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The Master’s paper will demonstrate the attainment

of the following four competencies:

Kaitlyn Squanda

University of North Carolina

• MPH03. Analyze quantitative and qualitative data using biostatistics, informatics, computer-based programming and software, as appropriate.

• MPH04. Interpret results of data analysis for public health research, policy or practice.

• MHCP01. Substantive knowledge: Critically analyze determinants of health among infants, children, adolescents, women, mothers, and families, including biological, behavioral, socioeconomic,

demographic, cultural, and health care systems influences across the life course.

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Master’s Thesis: CSA and Online Health Communities

WHAT ARE THE CHARACTERISTICS OF PEOPLE WHO REPORT CHILDHOOD SEXUAL ABUSE IN THE CHILDHOOD AND SEXUAL TRAUMA (CAST) SURVEY?

Kaitlyn Squanda

A paper submitted to the faculty at the University of North Carolina at Chapel Hill in partial fulfillment of the requirements for the degree of Master of Public Health in the Department

of Maternal and Child Health in the Gillings School of Global Public Health

Chapel Hill, N.C. April 27, 2020

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Master’s Thesis: CSA and Online Health Communities Table of Contents

INTRODUCTION 3

DEFINING CHILDHOOD SEXUAL ABUSE 3

REPORTING OF CSA 4

EFFECTS OF CSA 5

RISKY SEXUAL BEHAVIOR 5

PARENTING AS AN ADULT 6

MENTAL HEALTH ISSUES 6

REPEATED ABUSE 7

LONG-TERM ADVERSE PHYSICAL HEALTH AFFECTS 7 CHARACTERISTICS OF CSA SURVIVORS 8

RESOURCES FOR CSA 8

ONLINE HEALTH COMMUNITIES 10

EFFECTIVE ONLINE COMMUNITIES 11

GRAVITY NETWORK 12

Conceptual Model of the Research Question 13

METHODS 14

RESULTS 16

DISCUSSION 23

In Line With Existing Work 23

Contrasting with Existing Work 27

Unique Findings 27

LIMITATIONS 28

IMPLICATIONS 29

CONCLUSION 30

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Master’s Thesis: CSA and Online Health Communities

Research question: What are the characteristics of people who report childhood sexual abuse in the Childhood Abuse and Sexual Trauma (CAST) Survey?

INTRODUCTION

DEFINING CHILDHOOD SEXUAL ABUSE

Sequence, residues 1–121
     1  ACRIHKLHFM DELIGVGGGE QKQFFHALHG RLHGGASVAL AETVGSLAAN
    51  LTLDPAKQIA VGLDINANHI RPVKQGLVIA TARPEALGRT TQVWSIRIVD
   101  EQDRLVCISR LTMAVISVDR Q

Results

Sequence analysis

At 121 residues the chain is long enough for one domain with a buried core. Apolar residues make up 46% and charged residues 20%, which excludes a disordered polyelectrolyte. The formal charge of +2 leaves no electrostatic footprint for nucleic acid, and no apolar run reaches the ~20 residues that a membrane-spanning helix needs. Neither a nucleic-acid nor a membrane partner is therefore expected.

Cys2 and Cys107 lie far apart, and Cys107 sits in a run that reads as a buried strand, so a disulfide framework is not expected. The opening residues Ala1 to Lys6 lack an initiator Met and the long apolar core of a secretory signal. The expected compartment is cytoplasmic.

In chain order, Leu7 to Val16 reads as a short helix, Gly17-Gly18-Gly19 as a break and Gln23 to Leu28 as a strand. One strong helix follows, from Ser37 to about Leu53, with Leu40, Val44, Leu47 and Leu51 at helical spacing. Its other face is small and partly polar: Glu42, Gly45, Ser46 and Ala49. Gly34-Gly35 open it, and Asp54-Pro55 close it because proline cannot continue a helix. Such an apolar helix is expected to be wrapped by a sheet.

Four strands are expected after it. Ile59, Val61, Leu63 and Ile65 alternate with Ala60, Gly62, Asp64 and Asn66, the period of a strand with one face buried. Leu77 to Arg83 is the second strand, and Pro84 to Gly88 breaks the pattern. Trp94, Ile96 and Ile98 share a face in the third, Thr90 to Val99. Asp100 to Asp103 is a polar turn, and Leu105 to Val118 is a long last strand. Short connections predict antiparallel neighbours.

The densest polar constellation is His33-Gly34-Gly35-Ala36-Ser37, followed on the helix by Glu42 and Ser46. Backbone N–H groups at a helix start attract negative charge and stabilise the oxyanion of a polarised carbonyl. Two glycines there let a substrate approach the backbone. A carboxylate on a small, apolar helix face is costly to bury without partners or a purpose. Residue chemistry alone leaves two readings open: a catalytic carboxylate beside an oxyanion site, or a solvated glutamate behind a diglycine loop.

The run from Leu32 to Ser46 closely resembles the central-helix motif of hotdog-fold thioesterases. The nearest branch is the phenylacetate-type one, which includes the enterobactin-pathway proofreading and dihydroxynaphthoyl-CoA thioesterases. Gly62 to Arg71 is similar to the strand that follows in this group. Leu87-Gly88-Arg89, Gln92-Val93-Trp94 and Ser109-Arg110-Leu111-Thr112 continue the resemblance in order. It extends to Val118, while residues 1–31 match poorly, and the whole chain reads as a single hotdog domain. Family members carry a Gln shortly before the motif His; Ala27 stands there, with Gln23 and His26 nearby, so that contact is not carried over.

Public health aims to address sensitive, yet essential topics of population health. Childhood abuse is one of the many topics, a broad term for improper physical, emotional, or sexual use, misuse, or wrongful taking advantage of during a child’s life, “child” either defined

developmentally or by law (Mathews & Collin-Vézina, 2017; Salloum et al., 2019). The age defining a child varies across countries and cultures, which makes universal definition of the age of a child impossible (Mathews & Collin-Vézina, 2017). Approximately one billion children around the world experience abuse annually (Salloum et al., 2019). Within the topic of childhood abuse, childhood sexual abuse (CSA) is a critical global public health issue and also defined broadly (Assini-Meytin, Fix, & Letourneau, 2020; Mathews & Collin-Vézina, 2017; Matthews, Burris, Ledford, Gunderson, & Baker, 2017; Salloum et al., 2019). Mathews and colleagues created a conceptual model for defining CSA, including 4 requirements: the individual must be a child, no consent given, the acts are sexual, and constitute as abuse

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Master’s Thesis: CSA and Online Health Communities

The World Health Organization discusses how CSA can be preventable (Assini-Meytin et al., 2020). The Sustainable Development Goals identify CSA as a targeted area for improvement of care for children’s health (United Nations Department of Public Information, 2015). CSA is very complex, occurring in various contexts, manifesting differently in diverse communities and cultures (Diaz et al., 2020; Mathews & Collin-Vézina, 2017). Within the United States, national surveys report 8.5% of the population have experience CSA in their lifetime (Chen et al., 2010; Diaz et al., 2020; Paolucci, Genuis, & Violato, 2001; Taylor & Higginbotham, 2019). However, CSA is underreported, with rates of exposure to CSA closer to 20% in women and 15% in men (Easton, Saltzman, & Willis, 2014; Taylor & Higginbotham, 2019). Disclosure of CSA is less frequent in boys compared to girls (Easton et al., 2014). Stigma around disclosing seems to be greater in boys compared to girls, therefore, much less is known about men who have

experienced CSA compared to women (Easton et al., 2014).

REPORTING OF CSA

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Master’s Thesis: CSA and Online Health Communities Another significant source of CSA knowledge have been self-report surveys (Ménard & Ruback, 2003). Although the National Crime Victimization Survey (NCVS) interviews children 12 years of age and older, information on children younger than 12 is less known (Ménard & Ruback, 2003). Compounding this issue, many times parents are the respondents of these surveys, and if they are also the perpetrators, this leads to underreporting (Ménard & Ruback, 2003). Therefore, combined strategies are needed to improve options for disclosure of CSA (Abeid, Muganyizi, Mpembeni, Darj, & Axemo, 2015; Ménard & Ruback, 2003).